World News

Trump puts off decision on Syria strikes

Trump puts off decision on Syria strikes

Opposition Labour leader Jeremy Corbyn said it is "vital that parliament has the chance to debate and decide in advance" of any military action, which he warned "risks a risky escalation of the conflict".

"So striking at Syria is not a good solution, but doing nothing after the use of chemical weapons is even worse", he said.

May has said "all indications" point to Syrian responsibility for the attack.

Moisi stressed the "risk of escalation" of the conflict amid increasing concerns about a U.S. -Russia proxy war.

"But should the United States and our allies decide to act in Syria, it will be in defense of a principle on which we all agree".

Defense Secretary Jim Mattis warned that such an attack could spin out of control, suggesting caution in advance of a decision on how to respond to an attack against civilians last weekend that US officials are increasingly certain involved the use of banned chemical weapons.

In London, British Prime Minister Theresa May held an emergency cabinet meeting to discuss support for USA action against the Syrian regime.

But a special hotline for the USA and Russian militaries to communicate about operations in Syria is active and being used by both sides, Moscow said Thursday.

Later, May's office said she had spoken with Trump by telephone, and the two had agreed it was vital to challenge Assad's use of chemical weapons, and that they would continue to work closely together to do so.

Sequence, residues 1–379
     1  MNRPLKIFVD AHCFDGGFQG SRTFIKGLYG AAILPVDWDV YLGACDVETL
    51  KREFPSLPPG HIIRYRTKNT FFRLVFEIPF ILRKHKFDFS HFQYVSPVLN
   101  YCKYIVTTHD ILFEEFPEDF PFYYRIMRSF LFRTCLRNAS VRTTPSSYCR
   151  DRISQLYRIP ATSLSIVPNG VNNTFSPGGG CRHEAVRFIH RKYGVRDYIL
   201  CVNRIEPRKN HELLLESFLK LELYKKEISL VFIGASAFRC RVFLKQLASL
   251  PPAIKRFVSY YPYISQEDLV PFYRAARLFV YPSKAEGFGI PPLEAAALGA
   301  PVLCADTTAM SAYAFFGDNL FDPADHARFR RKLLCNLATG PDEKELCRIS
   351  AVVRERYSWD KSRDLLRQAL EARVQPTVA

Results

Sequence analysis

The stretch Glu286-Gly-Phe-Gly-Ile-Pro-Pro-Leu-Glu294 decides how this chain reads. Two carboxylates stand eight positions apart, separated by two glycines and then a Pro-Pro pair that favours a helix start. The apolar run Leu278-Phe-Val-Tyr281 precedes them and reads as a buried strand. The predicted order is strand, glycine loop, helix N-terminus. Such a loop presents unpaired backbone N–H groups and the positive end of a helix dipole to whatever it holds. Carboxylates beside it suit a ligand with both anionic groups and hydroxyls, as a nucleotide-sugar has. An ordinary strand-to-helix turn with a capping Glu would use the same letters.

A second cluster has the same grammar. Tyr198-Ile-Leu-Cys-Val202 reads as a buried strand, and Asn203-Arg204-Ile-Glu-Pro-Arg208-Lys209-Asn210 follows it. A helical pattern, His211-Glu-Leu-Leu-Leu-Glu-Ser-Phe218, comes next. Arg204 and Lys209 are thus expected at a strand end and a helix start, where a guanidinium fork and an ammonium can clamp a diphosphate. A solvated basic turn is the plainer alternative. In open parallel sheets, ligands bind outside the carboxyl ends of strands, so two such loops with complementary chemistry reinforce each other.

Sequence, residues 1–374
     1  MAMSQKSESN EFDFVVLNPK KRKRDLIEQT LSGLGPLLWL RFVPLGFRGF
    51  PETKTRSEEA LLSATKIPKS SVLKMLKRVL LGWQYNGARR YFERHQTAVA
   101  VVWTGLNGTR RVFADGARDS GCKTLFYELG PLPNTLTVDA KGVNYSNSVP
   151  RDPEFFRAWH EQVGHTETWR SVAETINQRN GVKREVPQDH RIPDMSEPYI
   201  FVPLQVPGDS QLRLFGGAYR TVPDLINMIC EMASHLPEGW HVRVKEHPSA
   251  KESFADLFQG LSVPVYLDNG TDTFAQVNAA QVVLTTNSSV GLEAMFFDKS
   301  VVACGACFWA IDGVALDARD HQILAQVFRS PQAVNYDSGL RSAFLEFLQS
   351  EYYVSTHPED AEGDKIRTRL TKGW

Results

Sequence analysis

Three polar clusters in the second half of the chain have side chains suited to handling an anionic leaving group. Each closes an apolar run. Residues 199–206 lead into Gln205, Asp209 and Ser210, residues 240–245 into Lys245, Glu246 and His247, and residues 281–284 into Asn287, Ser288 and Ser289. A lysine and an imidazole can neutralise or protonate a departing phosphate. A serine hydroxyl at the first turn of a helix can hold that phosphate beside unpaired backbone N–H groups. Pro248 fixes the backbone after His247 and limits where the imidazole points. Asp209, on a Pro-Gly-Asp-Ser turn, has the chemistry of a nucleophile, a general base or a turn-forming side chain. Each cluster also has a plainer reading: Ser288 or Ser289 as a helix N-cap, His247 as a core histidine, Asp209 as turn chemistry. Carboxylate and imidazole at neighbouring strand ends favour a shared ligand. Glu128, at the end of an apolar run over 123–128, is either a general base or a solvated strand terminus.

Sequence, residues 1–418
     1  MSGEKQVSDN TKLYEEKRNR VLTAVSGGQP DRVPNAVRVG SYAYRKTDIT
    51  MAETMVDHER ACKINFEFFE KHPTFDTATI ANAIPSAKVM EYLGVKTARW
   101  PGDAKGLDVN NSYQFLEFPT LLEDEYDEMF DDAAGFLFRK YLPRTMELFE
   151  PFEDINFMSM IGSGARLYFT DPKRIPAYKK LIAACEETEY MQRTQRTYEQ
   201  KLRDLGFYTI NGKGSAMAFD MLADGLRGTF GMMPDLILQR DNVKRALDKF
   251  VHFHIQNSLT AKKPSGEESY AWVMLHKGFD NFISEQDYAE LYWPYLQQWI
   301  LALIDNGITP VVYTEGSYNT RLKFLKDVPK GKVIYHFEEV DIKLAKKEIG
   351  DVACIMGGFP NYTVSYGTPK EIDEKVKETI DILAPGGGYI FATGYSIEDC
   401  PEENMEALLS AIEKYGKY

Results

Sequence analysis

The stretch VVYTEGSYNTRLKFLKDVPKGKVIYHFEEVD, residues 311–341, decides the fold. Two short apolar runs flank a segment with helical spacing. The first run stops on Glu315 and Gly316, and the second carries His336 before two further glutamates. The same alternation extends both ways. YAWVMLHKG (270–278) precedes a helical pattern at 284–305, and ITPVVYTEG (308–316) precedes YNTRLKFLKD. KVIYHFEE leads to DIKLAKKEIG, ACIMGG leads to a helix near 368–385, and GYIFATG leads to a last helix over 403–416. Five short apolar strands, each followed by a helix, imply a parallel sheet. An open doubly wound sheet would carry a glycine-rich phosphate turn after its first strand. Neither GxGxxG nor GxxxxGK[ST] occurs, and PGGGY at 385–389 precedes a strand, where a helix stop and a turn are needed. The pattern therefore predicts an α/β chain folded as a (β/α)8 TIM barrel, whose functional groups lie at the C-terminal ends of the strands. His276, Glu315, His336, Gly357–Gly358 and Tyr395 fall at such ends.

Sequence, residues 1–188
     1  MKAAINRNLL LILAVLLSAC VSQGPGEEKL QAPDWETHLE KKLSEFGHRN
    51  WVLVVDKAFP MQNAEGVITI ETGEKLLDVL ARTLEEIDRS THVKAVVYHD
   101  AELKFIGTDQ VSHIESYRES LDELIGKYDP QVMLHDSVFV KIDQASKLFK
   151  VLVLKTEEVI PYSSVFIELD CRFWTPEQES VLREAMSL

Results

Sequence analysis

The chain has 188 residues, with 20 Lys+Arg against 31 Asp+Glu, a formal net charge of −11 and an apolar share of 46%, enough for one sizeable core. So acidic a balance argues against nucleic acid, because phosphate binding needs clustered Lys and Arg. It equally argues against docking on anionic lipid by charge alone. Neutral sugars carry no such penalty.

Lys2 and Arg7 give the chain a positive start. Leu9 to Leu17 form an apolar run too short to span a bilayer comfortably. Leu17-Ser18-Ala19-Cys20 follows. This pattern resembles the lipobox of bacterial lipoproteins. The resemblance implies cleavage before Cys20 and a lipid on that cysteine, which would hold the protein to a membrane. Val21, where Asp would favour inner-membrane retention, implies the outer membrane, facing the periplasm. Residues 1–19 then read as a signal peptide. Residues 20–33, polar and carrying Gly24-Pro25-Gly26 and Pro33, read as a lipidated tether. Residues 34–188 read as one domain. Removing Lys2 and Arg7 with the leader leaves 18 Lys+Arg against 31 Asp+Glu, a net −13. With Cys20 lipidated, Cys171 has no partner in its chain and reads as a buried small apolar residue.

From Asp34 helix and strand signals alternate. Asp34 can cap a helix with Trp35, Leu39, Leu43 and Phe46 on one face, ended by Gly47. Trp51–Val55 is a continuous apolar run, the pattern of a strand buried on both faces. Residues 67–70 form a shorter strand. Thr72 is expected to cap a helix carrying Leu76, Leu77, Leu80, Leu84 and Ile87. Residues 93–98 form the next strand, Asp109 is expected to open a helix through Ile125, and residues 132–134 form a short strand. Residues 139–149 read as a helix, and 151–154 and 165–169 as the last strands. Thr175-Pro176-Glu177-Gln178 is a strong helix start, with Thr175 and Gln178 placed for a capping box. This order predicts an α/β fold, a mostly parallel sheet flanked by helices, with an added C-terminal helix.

Syria and Russia have denied using poisonous gas in Douma on April 7, with Russian Foreign Minister Sergei Lavrov saying that Moscow had evidence that the attack in Douma was staged. May isn't legally required to do that, though it has become conventional since the 2003 invasion of Iraq for lawmakers to be given the chance to vote before British forces are deployed.

Parliament voted down British military action against Assad's government in 2013, in an embarrassment for May's predecessor, David Cameron.

A YouGov poll published on Thursday showed just one in five British voters supported a missile strike on Syria.

The leader of the opposition Labour Party, Jeremy Corbyn, also speaking earlier on Wednesday, said parliament should be given a say on any military action May wants to take.

Following the meeting, May spoke to Donald Trump and the pair agreed that the United Kingdom and the USA would "keep working closely together on the global response", according to a statement from Downing Street.

Some MPs have backed Britain acting against Syria, warning that the use of chemical weapons was in breach of global law and could not be allowed to go unpunished.

Britain has launched air strikes against Islamic State militants in Syria, but not against the country's government.

Mattis addressed a hearing of a House of Representatives committee on Thursday.